Boris Groys and Aleksandr Genis are the two best known among the many writers who have used the notion of the unconscious to describe and account for aspects of contemporary Russian culture. Whether discussion revolves around a certain “post-Soviet unconscious” (Genis) or addresses Russia itself as the “unconscious of the West” (Groys), the notion presents itself as an irresistible tool with which to explain those processes most often subsumed under the rubric of Russian postmodernist culture. It is a particularly tempting tool with which to analyze sots-art. While it is a commonplace to describe the ways in which sots-art reprocesses Soviet culture, it is much more difficult to describe how sots-art acts upon the contemporary reader or viewer. Models of a “Soviet,” or “post-Soviet” unconscious provide the scholars with an apparatus to help explain how sots-art or postmodernism in general “deconstruct” Soviet culture and prepare the way for an as yet undefined new Russian culture.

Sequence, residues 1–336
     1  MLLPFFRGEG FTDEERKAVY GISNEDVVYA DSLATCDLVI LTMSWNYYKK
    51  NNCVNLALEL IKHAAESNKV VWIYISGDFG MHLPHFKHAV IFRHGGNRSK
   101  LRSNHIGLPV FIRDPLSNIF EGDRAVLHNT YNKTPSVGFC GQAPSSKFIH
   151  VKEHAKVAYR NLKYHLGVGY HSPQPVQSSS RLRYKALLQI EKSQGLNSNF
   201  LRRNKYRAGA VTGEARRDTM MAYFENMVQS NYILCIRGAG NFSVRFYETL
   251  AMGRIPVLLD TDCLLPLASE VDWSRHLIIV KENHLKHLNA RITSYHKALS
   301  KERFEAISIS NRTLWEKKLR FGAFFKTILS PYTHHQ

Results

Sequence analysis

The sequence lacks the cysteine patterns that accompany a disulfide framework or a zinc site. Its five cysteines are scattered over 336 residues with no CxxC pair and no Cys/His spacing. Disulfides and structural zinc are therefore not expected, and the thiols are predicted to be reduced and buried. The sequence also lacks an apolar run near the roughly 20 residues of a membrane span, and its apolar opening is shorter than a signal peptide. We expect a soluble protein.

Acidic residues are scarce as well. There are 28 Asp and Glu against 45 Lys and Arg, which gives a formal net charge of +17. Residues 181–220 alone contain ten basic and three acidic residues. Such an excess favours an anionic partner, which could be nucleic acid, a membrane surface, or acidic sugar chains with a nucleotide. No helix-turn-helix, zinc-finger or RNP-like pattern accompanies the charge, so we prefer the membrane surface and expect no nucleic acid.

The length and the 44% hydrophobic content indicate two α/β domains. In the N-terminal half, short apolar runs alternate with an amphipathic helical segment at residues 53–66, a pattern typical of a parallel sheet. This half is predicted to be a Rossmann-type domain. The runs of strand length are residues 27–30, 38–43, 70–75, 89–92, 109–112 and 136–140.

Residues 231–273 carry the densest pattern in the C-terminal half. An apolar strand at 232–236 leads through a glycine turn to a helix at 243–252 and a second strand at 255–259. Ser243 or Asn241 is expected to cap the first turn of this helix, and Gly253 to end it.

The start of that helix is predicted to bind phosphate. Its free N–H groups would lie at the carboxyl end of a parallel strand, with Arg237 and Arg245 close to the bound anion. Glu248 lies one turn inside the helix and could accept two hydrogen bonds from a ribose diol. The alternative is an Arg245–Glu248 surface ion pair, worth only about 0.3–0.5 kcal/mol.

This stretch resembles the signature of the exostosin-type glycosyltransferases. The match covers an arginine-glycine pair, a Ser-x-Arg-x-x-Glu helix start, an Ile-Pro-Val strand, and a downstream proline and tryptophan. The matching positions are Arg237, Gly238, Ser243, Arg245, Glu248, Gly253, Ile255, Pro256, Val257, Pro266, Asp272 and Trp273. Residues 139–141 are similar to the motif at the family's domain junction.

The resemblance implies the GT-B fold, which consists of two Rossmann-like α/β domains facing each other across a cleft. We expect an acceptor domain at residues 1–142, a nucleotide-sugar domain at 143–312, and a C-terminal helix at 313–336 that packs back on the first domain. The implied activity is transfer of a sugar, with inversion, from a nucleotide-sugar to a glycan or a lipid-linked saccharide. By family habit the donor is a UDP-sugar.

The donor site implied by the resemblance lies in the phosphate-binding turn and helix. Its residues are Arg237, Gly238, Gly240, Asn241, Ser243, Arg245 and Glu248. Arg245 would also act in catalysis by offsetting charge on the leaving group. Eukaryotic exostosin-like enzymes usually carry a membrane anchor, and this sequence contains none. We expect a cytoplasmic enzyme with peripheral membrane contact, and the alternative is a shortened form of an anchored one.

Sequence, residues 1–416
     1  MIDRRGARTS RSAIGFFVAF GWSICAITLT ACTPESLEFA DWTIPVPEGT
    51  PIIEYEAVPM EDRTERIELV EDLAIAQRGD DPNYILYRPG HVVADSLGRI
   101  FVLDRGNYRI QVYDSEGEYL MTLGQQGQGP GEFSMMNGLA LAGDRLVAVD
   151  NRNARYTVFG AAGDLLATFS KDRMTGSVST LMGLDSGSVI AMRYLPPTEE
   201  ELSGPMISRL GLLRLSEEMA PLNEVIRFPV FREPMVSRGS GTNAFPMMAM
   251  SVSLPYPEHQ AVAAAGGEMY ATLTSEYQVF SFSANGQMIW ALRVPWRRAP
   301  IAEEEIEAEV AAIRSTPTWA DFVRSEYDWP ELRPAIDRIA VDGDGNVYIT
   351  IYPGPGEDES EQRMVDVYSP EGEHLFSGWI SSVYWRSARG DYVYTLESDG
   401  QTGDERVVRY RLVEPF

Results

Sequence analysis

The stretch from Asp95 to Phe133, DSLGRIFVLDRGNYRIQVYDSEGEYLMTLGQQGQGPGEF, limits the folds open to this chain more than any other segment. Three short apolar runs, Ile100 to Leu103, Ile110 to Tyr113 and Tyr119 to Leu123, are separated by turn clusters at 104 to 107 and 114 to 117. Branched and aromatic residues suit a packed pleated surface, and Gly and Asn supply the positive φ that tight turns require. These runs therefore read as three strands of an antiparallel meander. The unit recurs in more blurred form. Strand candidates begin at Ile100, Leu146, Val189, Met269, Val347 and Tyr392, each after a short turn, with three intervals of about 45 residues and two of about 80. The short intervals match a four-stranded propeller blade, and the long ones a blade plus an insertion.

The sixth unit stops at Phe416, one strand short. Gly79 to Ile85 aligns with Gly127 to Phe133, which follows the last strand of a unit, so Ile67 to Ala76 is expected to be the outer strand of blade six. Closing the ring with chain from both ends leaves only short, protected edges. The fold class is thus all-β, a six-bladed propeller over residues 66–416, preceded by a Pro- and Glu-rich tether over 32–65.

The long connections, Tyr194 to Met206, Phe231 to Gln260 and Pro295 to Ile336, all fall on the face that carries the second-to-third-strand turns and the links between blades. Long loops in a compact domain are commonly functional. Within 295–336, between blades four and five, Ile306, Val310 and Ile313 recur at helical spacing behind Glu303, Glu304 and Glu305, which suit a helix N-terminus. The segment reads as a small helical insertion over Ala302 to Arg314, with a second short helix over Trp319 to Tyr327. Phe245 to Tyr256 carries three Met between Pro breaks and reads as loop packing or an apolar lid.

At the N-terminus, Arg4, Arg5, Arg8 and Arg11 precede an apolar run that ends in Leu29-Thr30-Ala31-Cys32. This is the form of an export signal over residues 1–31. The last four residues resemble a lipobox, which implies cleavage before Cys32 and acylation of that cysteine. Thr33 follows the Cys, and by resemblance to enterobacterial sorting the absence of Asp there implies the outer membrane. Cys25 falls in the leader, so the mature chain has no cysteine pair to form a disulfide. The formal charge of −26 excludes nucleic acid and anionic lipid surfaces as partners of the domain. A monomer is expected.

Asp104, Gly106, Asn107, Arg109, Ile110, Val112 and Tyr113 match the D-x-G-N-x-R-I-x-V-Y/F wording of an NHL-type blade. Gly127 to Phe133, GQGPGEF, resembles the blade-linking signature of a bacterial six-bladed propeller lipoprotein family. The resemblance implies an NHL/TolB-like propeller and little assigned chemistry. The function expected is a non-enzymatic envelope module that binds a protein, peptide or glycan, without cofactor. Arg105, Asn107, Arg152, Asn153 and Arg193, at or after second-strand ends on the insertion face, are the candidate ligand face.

The notion of a cultural unconscious is rhetorically powerful and elastic enough to be applied to almost any cultural phenomenon. However, it presents the rigorous scholar with a serious methodological problem. It is not enough to observe that Freud himself analyzed literature to justify the use of a psychological concept in the analysis of texts. The literary scholar must demonstrate that the tools developed by psychoanalysis are appropriate to the task of literary analysis.
This paper will attempt just such a demonstration by discussing the presence and the function of a “Soviet unconscious” in representative texts of Vladimir Sorokin and Viktor Pelevin, two of the most widely discussed contemporary writers in today’s Russia. I will show that it is possible to engage the discourses of these two authors on their own terms while also posing the same questions to each of them. To whom are these texts addressed? With whose language do they speak? Can we account for the function of desire in the texts? While much of Lacanian theory is arcane and inaccessible, I will show that a Lacanian analysis of these literary discourses opens them up and allows them to speak in unexpected ways. The results of this analysis will allow me to assert that, contrary to general opinion, it is not the young Pelevin but rather the older Sorokin who most effectively confronts and overcomes the trauma of Soviet culture.